I'll be building a router table - mostly a hybrid of several designs
I've looked at. Some people advise against putting in a miter track,
suggesting that one use a router sled instead.
I figure I can do both. Apparently, one can spend a LOT on a miter
gauge. It seems to make sense not to chince out in this area, but
spending over a hundred bucks just for the miter gauge seems a bit too
much for me.
Does anyone have any suggestions or recommendations regarding miter
gauges for a home-built router table?
I like sleds a lot more than miter gauges, but my sled rides in the track.
I was going to say that you need a track for featherboards, but they would
do just as well with just screw holes. I am building a new router table,
and your question has given me something to think about; thanks.
On Sun, 21 Aug 2005 19:46:29 -0600, "mywebaccts (at) PLUGcomcast.net"
<"mywebaccts (at) PLUGcomcast.net"> wrote:
Depending on your budget there are always used original equipment
gauges on Ebay pretty cheap. Another thought is the low end Incra v27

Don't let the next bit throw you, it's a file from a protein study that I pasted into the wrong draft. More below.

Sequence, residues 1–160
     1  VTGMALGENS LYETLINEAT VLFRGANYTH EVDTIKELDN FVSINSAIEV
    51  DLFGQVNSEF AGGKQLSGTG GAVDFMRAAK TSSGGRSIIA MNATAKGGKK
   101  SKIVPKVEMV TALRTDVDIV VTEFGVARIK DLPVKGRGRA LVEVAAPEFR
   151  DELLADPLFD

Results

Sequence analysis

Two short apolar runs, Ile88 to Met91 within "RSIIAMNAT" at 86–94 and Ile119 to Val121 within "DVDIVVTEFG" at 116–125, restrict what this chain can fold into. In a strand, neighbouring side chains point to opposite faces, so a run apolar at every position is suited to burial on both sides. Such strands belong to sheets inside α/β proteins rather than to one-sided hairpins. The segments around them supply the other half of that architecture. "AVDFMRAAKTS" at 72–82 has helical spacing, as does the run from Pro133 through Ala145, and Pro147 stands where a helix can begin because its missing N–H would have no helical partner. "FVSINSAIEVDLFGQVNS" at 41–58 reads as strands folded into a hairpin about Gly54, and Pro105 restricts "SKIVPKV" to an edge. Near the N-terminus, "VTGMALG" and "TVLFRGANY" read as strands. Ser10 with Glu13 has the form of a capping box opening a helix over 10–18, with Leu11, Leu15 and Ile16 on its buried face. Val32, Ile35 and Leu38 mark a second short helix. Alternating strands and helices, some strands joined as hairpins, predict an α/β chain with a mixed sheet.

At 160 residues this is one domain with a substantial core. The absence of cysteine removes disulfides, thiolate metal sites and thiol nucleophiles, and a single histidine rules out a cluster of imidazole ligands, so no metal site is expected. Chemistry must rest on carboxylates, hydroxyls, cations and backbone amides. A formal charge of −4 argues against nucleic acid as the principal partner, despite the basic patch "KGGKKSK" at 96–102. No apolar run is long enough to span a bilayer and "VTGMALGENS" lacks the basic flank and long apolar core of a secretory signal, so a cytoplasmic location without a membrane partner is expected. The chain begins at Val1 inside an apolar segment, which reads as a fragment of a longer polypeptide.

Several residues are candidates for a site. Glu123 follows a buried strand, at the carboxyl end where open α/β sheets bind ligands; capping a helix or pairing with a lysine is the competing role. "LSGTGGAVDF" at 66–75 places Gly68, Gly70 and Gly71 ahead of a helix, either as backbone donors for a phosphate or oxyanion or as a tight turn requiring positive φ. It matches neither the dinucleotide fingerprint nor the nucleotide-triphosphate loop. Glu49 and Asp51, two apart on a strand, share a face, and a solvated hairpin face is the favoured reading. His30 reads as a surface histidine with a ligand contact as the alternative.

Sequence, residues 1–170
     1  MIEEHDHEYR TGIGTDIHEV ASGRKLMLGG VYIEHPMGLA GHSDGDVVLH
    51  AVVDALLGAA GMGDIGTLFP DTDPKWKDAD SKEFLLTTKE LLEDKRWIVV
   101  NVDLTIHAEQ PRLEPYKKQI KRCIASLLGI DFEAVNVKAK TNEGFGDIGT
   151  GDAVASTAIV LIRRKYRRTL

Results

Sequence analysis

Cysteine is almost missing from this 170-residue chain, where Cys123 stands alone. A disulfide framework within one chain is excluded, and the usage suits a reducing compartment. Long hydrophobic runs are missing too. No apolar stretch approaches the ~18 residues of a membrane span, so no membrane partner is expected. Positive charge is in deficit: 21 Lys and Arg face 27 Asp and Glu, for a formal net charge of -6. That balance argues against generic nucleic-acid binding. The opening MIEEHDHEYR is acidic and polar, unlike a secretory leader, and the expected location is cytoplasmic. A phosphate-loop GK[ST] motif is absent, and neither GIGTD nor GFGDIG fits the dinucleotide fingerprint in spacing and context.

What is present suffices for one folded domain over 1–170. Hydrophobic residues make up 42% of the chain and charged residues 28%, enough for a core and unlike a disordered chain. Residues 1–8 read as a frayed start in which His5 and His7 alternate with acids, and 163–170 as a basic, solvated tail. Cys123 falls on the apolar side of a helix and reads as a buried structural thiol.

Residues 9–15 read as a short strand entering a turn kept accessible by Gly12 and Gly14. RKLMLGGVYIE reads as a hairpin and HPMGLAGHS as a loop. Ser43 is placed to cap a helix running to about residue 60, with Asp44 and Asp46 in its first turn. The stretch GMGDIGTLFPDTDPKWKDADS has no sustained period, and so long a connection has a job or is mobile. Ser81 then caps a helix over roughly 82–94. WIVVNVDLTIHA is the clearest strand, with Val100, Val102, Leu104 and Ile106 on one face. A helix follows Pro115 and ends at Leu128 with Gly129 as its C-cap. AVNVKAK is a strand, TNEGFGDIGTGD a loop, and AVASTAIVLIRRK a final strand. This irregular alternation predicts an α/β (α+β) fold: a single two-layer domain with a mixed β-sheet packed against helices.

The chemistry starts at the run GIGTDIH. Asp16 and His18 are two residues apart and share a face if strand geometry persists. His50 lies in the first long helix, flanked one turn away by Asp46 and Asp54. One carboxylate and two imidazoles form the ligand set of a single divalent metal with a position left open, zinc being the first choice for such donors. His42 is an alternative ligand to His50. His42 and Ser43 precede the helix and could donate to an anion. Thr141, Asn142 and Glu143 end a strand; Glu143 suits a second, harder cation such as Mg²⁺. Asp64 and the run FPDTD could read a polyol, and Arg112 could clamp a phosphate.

which can be had for about $55 at woodpeck.com. Even though the Incra
has it's limitations, I think it's still better than most original
Never gave it a second thought. I always assumed everybody else in
the world just used the same miter guage as their tablesaw.
If your miter guage is the el-cheapo one that came with the tablesaw
(and you hate it) then make the RT slot compatible with your TS, and
upgrade your TS miter gauge (twofer)
Of course, if you are one of those rare individuals that can use both
tools at the same time, then my suggestion won't be that valuable :-)
"mywebaccts (at) PLUGcomcast.net" <"mywebaccts (at) PLUGcomcast.net"> wrote
I would put the track in for feather boards but don't bother with the miter
gauge. The set up time will bore you quickly. I use a square piece of 3/4"
thick plywood that is guided by the FENCE not the slot.
Absolutely... You want that. Think Zero clearance on the back side of the
cut and less tear out on the back side of the cut. When done rip 1" off
that side of the plywood and it is brand new again. I have done hundreds of
end cuts on the rails of cabinet doors this way.
dulling your bits. I don't think it's all that big a deal, to tell you
the truth but if you are worried about it, don't use laminated products
to push the workpieces as they double as a backer board to prevent
tear-out. You must cut into the backer to complete the cut on the
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